It is just another front in the battle that municipalities face in their growing need to devote resources and stay ahead of the curve in terms of cybersecurity. It is clear that the level of risk associated with the use of technology by municipalities grows every day.


Earlier this year, the primary contractor overseeing the construction at two nuclear plant expansions in Georgia and South Carolina –  Westinghouse – declared bankruptcy. The two plants are partially owned by the Municipal Electric Authority of Georgia and the South Carolina Public Service Authority respectively. The bankruptcy threw into doubt the ability of the plants to be completed. Already over budget, the projects risked further increases in cost related to potential delays in construction due to the uncertainty over Westinghouse’s ability to perform.

Late last week, Georgia Power finalized a new service agreement with Westinghouse for the Vogtle nuclear expansion – the first new nuclear units to be built in the United States in more than 30 years. Under the new service agreement, approved by the U.S. Department of Energy on July 27, Southern Nuclear (the Southern Company subsidiary which operates the existing units at Plant Vogtle) will oversee construction activities at the site.

The service agreement includes engineering, procurement and licensing support from Westinghouse, as well as access to Westinghouse intellectual property needed for the project. Georgia Power also continues work with the project’s Co-owners (Oglethorpe Power, MEAG Power and Dalton Utilities) to complete a full-scale schedule and cost-to-complete analysis of the project.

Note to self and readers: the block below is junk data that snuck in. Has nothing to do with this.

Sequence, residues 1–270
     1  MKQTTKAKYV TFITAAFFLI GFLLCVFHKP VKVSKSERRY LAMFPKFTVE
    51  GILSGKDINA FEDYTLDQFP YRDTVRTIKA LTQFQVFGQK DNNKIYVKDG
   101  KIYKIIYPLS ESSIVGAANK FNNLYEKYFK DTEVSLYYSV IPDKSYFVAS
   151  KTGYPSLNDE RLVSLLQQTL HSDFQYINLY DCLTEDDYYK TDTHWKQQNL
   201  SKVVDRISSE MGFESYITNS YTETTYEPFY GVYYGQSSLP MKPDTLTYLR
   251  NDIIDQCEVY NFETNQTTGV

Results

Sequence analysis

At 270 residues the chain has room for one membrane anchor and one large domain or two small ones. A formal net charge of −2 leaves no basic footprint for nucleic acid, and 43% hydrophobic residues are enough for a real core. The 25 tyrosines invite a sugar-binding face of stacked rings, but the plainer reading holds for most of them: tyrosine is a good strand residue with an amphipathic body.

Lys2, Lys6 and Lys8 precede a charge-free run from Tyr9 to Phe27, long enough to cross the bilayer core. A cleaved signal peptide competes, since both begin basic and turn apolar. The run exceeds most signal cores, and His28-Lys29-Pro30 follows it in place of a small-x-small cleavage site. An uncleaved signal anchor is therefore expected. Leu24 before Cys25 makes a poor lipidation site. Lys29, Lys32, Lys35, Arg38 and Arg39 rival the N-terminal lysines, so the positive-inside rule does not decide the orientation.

After that work is completed, it will rest with the Georgia Public Service Commission to determine the best path forward for customers.

At the Sumner plant expansion where South Carolina Public Service Authority co-owns the project a South Carolina Public Service Authority along with IOU South Carolina E&G, Toshiba Corp. also said Friday it has agreed to pay $2.168 billion to walk away from the two other unfinished nuclear reactors. Toshiba is the parent of Westinghouse. SCANA Corp and its partner, Santee Cooper, are more cautious about finishing the VC Summer nuclear units in South Carolina.